“Do not save what is left after spending; instead spend what is left after saving.”

Warren Buffett

The news from the Office for National Statistics, that the savings ratio has reached its lowest level for over 50 years, should raise some real concerns about the domestic UK economy. While there has been some recovery in earnings, inflation is still chipping away at disposable income.

We’ve now had the benefit of our two year devaluation boost, following the Brexit referendum, and we need to start earning our way into the brave new world of global trade.

Let’s first look at Capital Economics’ central forecasts for the UK economy: bear in mind that these are based on a sensible outcome for our trading relationship with the European Union post Brexit: at least there’s a coherent proposal on the table following the Cabinet ‘accord’ at Chequers last Friday, notwithstanding the resignations of David Davis and Steve Baker. So they do not encompass either BRINO (Brexit In Name Only) or ‘No Deal’ (Unilateral Declaration of Free Trade - see last week’s commentary), but of course both remain possible. I suspect, however, that the Cabinet accord leaves little room for EU push-back as Mr Barnier will be in little doubt how the £39bn will be used in the event of a ‘No Deal’.

Capital Economics Key UK Forecasts





GDP (% y/y)




Household Spending (% y/y)




Unemployment (%)




CPI Inflation (%)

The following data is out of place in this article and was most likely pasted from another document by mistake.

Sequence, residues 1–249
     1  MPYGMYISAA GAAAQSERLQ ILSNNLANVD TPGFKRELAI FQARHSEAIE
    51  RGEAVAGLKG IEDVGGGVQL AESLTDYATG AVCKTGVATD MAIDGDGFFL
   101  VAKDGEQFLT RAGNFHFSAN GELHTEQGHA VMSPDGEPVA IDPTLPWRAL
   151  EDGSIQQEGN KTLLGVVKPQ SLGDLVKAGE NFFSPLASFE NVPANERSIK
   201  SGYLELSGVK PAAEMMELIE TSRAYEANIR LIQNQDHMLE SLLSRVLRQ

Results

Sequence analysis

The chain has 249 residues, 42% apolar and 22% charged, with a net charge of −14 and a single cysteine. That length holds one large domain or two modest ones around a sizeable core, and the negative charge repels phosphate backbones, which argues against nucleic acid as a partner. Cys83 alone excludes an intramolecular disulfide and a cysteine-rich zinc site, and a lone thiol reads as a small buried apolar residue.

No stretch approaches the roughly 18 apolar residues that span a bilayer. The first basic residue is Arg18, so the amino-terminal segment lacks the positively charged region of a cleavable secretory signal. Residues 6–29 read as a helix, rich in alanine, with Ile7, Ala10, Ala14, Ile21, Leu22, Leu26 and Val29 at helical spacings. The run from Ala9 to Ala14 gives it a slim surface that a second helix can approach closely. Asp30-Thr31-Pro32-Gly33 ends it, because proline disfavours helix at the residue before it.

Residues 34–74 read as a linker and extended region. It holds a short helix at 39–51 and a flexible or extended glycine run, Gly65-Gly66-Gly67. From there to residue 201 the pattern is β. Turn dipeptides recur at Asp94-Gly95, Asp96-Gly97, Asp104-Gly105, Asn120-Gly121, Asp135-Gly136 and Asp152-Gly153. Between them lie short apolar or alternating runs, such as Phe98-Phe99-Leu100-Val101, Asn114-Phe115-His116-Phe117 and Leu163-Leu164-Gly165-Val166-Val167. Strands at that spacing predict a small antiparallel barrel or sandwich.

Bank Rate (%) end yr.




UK FTSE 100 end yr.












The first thing to notice is that interest rates are expected to rise to 1% by the end of 2018, and further in 2019. This is not just a reaction to higher domestic inflation, but also a recognition that the Bank of England can’t ignore rising rates in the United States.

No doubt reflecting this, and that £Sterling has fallen very considerably over the past two years, exchange rates are expected to remain quite stable. However Capital Economics see some weakness in equity markets in 2019: bear in mind, however, that this forecast was made before they had the benefit of reviewing The Share Centre’s good news on dividend cover.

So the falling savings ratio is unlikely to be reversed in the short term and, whatever views there are about the extra £20 billion pa for the National Health Service and how it will be funded, economic conditions are likely to remain relatively austere.

So it was interesting to see a chart published by the Economic Research Council last week, contrasting the returns from Cash ISAs and Stocks & Shares ISAs, and showing investment in each by gender. They show how rare it is for Cash ISAs to outperform market investments, and that an investor with a Cash ISA for the past 18 years would have received returns four times lower than in Stocks & Shares ISAs, despite the dotcom and 2007/8 recessions.

Notwithstanding this, Cash ISAs consistently attract a higher number of subscribers: but that situation might possibly change with the dip in the savings ratio.

Whether investing or struggling with the cost of living, these are turbulent times. With economic stability facing so many challenges, from trade protection to Brexit, it’s just as well that our morale is being lifted by our team doing so well in the World Cup.


Gavin Oldham

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